Tannenbaum’s thesis of a consistently milder slavery in Latin than Anglo-Saxon America has been under attack for over twenty years now. This book, comparing slavery in 19th century Cuba and 18th century Haiti (when both societies had strong, sugar-based plantation economies) is a recent addition to this critical literature. Since of the two determining factors singled out by Tannenbaum, one (religion) was the same for Spain and France, the other one (protective aspects of slave laws) receives appropriate attention here. The author finds Spain wanting, preferring as she does the “concrete and practical French laws and the serious-though largely unsuccessful-attempts at enforcement over the “vague and abstract Spanish legislation, and the government’s weakness in enforcing it. Yet, as soon as the author deals with decrees detrimental to the Cuban slaves, free blacks, or coloreds, her confidence in the efficacy of enforcement in the Spanish colony increases notably; thus we are led to believe, without further qualification, that as per 1844 “no free colored male . . . could remain in Cuba,” and that “destruction of the wealthy and educated colored élite” was ruthlessly carried out, remnants of this class being dispersed to neighboring countries.

Properly speaking, in a comparison such as this one, where the economic forces in both colonies are assumed to be similar, no conclusion can be reached as to the weight of the economic (and related demographic) factors on the treatment of slaves. Yet, a main purpose of this study is precisely to demonstrate the supreme importance of these latter factors. To achieve this purpose, the author abandons her cross-colonial comparison, and shows that in each of the two colonies, master-slave relations were milder before than after the advent of the sugar boom, a convincing, though no longer sensational, conclusion.

The author states that legal intermarriage was “far from unusual” throughout the history of St. Domingue. Yet she informs us that toward the end of the colonial period there were about 300 white men married to sang-melées. On a white population of some 40,000 and a free colored group of some 28,000, this does not seem impressive at all. There were, of course, many more concubinates, but their off-spring, as the author acknowledges, swelled the group of free colored (the social categorization of the offspring of legal intermarriage is not made clear). Was it not precisely the fact that the wealthy colored, in spite of their identical “class” interests and position, had not been able to form intimate social alliances with the wealthy whites, that made them an easy prey to increasing social and legal discrimination in the course of the last half of the eighteenth century? This question forms part of some larger ones: which factors determine the formation of a specific socio-racial stratification outside and after slavery, and why are some of these stratifications apparently continuous and others discontinuous? Professor Hall implicitly assumes that in these respects there were no differences at all between Cuba and St. Domingue and that, for example, the social definition of a ‘light colored” was identical in both societies.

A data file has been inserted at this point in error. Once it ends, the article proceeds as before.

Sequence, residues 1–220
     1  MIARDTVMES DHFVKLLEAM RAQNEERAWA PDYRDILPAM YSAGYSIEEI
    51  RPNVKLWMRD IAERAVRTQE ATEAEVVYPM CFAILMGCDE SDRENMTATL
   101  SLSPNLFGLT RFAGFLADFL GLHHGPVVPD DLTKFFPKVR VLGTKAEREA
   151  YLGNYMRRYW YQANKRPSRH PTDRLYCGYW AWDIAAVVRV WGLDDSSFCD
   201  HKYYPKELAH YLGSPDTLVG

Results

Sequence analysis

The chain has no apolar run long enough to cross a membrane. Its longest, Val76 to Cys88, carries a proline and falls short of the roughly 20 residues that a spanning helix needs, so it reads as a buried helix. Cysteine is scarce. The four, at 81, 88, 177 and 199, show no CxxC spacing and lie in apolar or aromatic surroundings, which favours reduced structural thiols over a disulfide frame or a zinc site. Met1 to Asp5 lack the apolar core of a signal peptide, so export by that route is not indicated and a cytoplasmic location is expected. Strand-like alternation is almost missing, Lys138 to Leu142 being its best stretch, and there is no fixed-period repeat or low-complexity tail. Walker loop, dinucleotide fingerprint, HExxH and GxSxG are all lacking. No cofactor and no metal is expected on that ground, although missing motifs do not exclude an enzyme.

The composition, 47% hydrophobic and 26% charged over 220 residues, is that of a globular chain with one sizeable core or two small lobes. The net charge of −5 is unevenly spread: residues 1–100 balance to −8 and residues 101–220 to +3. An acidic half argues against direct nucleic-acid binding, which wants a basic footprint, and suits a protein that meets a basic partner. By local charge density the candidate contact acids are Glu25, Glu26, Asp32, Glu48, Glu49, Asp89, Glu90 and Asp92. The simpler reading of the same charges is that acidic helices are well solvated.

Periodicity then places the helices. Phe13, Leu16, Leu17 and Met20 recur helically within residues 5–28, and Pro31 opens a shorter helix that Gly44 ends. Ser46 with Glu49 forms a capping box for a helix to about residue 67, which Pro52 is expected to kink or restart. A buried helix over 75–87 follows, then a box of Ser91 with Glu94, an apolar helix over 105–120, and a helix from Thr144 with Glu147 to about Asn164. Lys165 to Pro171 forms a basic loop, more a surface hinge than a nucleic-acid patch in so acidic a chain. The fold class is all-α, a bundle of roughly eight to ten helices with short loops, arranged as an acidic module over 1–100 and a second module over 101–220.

The author also seems curiously ambivalent as to the relation between slavery per se and race relations outside and after slavery. On the one hand she states that racism is, and has been, more powerful in the United States than elsewhere in the Americas because “the slaves were looked upon as a necessary, permanent part of the population”; on the other hand, such a naive historicism is absent in her remarks about the ways the colonial governments of Cuba and St. Domingue deliberately manipulated the conflicts between the races, thus fomenting racism among “social groupings . . . which had something to gain from the degradation and dispossession of the black and colored population.”

The book was written with enthusiasm, but without much caution or care. The Archives Nationales in Paris figure in the list of Symbols, but I could not find one reference to them in the text; the chapter on “Systematic Resistance in St. Domingue” mostly deals with Martinique and Guadeloupe; the author’s translations from the French and Spanish need a critical eye: “eran a menudo pródigos de su sangre” does not mean “they often shed prodigious amounts of blood”; the Dutch war of independence against Spain did not last from 1580 till 1640; whereas on page 4 it is stated that manuscript materials relating to slave systems outside the United States are practically untouched, on page 9 we learn that St. Domingue has been well researched and studied. The author who professes some lack of faith in secondary sources, has used some of these (Dutertre!) indiscriminatingly in her Chapter on Magic, Witchcraft and Religion. Now that her book has become itself a “secondary source, Professor Hall shall want us to read it with the same healthy skepsis that she intended to apply to similar works.